Wednesday, May 4, 2011


Hannah Ellis was a pioneering children’s librarian before coming to NYPL.  She began her career in Wisconsin in 1900 and twice enrolled in summer courses at the University of Wisconsin library school.  In 1907 she moved to the Carnegie Library in Pittsburgh as a children’s librarian and then became head of a branch which served users from 25 nations.  She also enrolled as a special student in Pittsburgh’s Carnegie Library School, a pioneering school for the training of children’s librarians. 

Ellis came to NYPL in 1917 and almost immediately was appointed to head the Hamilton Fish Park Branch, on Manhattan’s Lower East Side.  She continued to work with children and young people but also focused on service to the foreign born.  Hannah C. Ellis retired in 1939. 

In 1920, Hannah Ellis spoke on a panel devoted to work with the foreign-born at the annual meeting of the NY Library Association.  Her words expressed the intense belief of many librarians in the importance of books, reading and libraries in American life.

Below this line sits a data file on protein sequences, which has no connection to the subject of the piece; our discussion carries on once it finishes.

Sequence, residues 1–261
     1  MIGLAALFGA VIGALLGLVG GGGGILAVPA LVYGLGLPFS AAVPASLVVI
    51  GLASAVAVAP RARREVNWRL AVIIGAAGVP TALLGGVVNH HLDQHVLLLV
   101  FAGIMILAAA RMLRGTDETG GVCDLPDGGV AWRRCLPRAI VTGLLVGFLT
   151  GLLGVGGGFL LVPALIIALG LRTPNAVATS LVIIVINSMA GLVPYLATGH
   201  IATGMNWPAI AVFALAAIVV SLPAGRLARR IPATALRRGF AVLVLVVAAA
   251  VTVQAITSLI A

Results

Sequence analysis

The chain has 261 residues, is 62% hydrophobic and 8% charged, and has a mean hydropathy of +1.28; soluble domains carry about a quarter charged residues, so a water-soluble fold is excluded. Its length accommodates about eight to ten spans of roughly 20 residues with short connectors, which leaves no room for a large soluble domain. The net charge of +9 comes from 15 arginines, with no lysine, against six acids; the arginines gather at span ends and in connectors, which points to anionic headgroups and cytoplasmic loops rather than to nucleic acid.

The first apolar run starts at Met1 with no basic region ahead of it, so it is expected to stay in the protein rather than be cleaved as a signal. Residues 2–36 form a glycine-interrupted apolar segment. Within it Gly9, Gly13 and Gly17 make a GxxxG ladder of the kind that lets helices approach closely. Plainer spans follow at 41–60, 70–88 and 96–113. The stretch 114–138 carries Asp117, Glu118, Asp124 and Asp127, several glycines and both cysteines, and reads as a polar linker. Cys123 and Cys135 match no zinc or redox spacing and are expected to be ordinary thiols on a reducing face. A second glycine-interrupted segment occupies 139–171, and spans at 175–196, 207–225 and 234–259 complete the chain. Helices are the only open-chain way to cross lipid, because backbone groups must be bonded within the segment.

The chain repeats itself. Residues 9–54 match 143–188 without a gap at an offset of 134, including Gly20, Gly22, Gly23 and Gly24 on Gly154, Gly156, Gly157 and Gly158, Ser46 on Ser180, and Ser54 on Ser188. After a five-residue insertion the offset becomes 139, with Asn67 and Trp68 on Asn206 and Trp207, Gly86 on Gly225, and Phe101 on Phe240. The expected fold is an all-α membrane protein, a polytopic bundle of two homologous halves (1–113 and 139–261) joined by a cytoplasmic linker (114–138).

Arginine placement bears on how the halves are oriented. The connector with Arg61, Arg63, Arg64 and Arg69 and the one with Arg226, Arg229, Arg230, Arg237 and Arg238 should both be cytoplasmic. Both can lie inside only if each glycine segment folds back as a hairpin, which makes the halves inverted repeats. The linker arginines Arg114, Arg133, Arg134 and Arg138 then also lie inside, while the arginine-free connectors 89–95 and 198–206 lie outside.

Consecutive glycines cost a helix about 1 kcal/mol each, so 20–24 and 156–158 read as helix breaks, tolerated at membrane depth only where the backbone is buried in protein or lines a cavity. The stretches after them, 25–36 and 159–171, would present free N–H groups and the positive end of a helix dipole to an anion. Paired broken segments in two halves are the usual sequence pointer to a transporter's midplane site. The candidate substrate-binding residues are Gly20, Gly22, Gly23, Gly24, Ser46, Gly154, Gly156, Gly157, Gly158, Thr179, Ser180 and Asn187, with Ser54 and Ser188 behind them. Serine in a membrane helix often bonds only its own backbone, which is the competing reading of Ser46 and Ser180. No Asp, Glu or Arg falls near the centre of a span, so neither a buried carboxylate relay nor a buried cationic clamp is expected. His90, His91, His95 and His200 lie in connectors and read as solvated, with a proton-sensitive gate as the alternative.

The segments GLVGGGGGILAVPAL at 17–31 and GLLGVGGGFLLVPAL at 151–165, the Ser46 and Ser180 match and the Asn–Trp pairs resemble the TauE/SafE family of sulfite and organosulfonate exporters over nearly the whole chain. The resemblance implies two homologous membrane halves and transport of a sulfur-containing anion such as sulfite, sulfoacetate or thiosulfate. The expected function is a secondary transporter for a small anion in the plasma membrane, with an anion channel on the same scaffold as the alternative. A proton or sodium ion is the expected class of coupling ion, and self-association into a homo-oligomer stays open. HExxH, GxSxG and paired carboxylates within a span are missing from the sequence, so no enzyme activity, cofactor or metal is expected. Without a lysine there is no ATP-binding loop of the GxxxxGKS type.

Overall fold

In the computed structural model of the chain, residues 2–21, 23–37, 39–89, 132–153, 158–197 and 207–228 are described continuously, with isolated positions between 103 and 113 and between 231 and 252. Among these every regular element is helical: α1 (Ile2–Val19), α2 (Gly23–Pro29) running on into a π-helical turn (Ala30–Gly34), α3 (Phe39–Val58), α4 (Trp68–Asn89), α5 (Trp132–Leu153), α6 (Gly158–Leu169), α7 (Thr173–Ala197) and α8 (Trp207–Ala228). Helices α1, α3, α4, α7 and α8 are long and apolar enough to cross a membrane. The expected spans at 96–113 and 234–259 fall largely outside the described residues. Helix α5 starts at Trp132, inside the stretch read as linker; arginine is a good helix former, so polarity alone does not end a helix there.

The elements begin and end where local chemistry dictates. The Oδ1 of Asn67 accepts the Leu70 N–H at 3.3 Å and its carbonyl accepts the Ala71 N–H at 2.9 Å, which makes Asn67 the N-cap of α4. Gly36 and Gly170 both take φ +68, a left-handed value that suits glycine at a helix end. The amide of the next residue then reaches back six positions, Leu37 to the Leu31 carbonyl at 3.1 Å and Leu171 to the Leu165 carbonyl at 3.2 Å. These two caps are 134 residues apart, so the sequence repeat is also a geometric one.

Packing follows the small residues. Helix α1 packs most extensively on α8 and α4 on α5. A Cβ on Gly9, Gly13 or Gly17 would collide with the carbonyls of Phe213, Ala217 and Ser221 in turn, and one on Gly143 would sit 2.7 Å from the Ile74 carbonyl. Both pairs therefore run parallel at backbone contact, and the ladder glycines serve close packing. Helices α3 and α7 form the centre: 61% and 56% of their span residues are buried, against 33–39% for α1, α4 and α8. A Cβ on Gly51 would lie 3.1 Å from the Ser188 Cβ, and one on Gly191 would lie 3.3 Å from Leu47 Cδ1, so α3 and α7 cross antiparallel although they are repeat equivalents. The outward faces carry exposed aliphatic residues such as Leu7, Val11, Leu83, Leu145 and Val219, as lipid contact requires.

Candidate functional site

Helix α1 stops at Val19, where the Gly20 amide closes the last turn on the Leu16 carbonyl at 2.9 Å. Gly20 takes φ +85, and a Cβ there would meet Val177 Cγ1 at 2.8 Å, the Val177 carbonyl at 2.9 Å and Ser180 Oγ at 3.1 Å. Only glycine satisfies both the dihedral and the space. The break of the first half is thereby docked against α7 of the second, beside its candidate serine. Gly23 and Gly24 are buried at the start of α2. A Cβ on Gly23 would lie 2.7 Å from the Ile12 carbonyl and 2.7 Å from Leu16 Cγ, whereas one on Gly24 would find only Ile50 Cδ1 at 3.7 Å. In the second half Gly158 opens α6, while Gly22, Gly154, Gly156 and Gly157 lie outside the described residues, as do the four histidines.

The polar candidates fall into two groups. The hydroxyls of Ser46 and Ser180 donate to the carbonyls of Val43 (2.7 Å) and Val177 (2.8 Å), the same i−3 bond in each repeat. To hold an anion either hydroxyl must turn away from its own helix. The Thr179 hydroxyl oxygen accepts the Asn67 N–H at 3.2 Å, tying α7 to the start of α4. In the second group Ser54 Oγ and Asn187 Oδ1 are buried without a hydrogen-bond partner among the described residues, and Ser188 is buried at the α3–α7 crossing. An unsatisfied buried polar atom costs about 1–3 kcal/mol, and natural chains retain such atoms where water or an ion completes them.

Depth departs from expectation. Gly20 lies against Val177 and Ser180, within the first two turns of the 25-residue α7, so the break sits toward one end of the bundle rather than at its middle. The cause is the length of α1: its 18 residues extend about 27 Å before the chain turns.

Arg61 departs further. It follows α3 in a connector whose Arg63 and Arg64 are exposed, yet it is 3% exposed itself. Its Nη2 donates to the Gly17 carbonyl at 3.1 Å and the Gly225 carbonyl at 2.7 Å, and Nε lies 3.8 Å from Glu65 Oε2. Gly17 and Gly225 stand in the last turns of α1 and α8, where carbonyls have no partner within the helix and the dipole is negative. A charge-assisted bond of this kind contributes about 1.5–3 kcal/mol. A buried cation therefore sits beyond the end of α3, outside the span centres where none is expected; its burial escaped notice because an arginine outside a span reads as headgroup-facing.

Working in a library always swarming with young people, realizing that in a few years they will be the controlling influence in politics and industry makes us very serious in the matter; and the faith we have that in books may be found the wisdom and inspiration for solving many of the problems that this younger generation faces, gives us a feeling of great responsibility in our work of making the library significant during these years that are the heart of life.”

Today would be the 140th birthday of Hannah C. Ellis.

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